(a seven-year follow-up to City Limits )
For Dickens, London was a magic lantern
he’d stomp through the muddy streets, ten miles every night
watching the faces, reading the names on the gravestones
hearing the voice of Mrs. Gamp prattling on in his head.
Now I look for traces of Charlie in Chicago, where he never set foot,
but where I moved when the ghost told me to keep moving
as if I ever needed convincing.
I walk up to the cemetery where Charlier’s no-good brother is buried
and to the library that has all the first editions
across the street from Bughouse Square
but that’s not where you find him.
It’s in the gnarled and peggoty faces of the men on the Ashland Street bus
going home from work on a rainy evening,
the snowy rooftops of the townhouses the roll slowly by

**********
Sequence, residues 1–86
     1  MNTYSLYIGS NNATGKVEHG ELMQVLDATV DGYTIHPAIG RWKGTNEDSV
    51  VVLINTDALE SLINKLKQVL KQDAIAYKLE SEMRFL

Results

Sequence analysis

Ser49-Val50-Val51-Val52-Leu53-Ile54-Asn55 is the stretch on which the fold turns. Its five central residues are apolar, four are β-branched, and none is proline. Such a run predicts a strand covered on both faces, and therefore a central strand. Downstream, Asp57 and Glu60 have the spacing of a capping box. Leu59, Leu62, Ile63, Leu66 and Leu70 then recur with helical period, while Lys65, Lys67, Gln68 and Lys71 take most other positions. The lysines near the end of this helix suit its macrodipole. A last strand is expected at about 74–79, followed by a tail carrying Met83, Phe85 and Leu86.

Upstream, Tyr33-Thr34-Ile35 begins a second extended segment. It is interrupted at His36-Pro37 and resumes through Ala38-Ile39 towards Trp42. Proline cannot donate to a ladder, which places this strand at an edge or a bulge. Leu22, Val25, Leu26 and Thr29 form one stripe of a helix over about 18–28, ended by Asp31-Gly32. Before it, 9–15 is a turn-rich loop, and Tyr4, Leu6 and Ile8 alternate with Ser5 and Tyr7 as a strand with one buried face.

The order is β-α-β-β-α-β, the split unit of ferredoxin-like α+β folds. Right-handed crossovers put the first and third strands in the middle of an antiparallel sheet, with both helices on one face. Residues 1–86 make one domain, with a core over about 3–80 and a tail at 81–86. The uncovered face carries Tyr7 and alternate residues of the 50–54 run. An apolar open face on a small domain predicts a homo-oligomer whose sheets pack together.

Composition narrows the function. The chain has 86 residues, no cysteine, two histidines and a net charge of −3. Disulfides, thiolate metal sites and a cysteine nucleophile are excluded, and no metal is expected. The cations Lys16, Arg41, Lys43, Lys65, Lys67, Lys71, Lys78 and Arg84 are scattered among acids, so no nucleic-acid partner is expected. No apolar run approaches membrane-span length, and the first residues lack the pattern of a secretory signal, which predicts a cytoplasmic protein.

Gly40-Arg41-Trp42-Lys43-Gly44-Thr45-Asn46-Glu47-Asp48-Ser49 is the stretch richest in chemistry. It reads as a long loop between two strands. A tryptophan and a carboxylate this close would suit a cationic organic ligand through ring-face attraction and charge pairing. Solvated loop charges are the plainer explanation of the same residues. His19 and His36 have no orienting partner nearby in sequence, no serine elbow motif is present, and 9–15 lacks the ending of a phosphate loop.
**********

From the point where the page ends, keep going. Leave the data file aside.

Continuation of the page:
beneath the windows of the brown line train,
the smoke coming up from the smokestacks of the riverfront factories
and the neon lights that are like ruddy smears against the fog.
You can see the same faces he saw if you know where to look.
There’s Uriah Heep on the #65
Micawber on the blue line.
Wackford Squeers driving the little red bus
and Bentley Drummle oozing out of every Lincoln Park bar.
Esther Summerson in Andersonville with Tattycoram
and Dr. Marigold operating out of the trunk of his car
underneath the El tracks on Lake Street.
Reverend Chadband is preaching into a microphone outside of
the State Street Old Navy,
and Mr. Krook is running one of those smelly crud shops
on Chicago avenue, down the road from the wig district.
If you listen heard enough you can still hear the foghorns
coming off the lake
and lord only knows what else.
I promised to keep moving
but put the keys on the chimleypiece
and let me put my fingers to them
when I am disposed.